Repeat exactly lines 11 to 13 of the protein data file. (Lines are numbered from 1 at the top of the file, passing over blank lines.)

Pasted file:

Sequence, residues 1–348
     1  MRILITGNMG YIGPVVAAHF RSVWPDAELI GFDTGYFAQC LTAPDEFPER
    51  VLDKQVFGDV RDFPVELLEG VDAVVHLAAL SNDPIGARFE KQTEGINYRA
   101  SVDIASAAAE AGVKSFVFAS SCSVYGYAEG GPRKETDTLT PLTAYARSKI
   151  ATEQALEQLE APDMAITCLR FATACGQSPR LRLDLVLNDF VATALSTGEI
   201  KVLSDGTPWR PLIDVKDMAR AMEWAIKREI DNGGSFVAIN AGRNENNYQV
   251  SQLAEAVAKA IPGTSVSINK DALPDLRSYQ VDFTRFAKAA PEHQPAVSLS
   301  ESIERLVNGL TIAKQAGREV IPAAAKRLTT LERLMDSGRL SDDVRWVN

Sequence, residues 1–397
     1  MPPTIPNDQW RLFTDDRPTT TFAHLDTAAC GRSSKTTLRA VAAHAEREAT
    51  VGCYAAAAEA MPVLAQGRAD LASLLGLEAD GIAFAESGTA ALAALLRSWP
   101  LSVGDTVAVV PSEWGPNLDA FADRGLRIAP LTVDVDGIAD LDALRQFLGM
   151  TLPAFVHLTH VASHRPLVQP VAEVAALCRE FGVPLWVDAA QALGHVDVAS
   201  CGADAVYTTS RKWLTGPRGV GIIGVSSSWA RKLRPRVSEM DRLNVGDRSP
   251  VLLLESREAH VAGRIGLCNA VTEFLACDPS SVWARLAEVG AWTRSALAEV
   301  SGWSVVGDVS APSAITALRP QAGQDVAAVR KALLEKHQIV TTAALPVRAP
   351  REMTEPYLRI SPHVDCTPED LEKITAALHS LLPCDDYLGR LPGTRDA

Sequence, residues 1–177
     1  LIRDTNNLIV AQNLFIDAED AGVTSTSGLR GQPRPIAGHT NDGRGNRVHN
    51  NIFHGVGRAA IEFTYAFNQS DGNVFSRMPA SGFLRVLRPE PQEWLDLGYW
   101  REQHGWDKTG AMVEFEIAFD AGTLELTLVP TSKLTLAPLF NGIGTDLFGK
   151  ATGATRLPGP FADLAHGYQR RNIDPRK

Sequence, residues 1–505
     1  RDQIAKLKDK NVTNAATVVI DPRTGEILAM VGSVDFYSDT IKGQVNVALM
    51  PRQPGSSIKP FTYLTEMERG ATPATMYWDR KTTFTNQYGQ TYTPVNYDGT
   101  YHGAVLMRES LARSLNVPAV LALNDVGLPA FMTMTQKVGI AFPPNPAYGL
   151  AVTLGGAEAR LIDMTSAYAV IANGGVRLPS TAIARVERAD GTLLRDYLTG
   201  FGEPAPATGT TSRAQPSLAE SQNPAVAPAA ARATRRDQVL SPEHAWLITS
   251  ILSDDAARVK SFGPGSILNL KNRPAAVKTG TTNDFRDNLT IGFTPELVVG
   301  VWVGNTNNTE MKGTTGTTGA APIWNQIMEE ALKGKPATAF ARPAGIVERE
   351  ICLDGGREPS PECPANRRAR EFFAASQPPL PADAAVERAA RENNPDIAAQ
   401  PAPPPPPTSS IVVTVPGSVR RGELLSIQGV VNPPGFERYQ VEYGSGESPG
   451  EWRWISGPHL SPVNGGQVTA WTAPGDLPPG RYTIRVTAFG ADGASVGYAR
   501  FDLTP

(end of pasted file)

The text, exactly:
    51  VGCYAAAAEA MPVLAQGRAD LASLLGLEAD GIAFAESGTA ALAALLRSWP
   101  LSVGDTVAVV PSEWGPNLDA FADRGLRIAP LTVDVDGIAD LDALRQFLGM
   151  TLPAFVHLTH VASHRPLVQP VAEVAALCRE FGVPLWVDAA QALGHVDVAS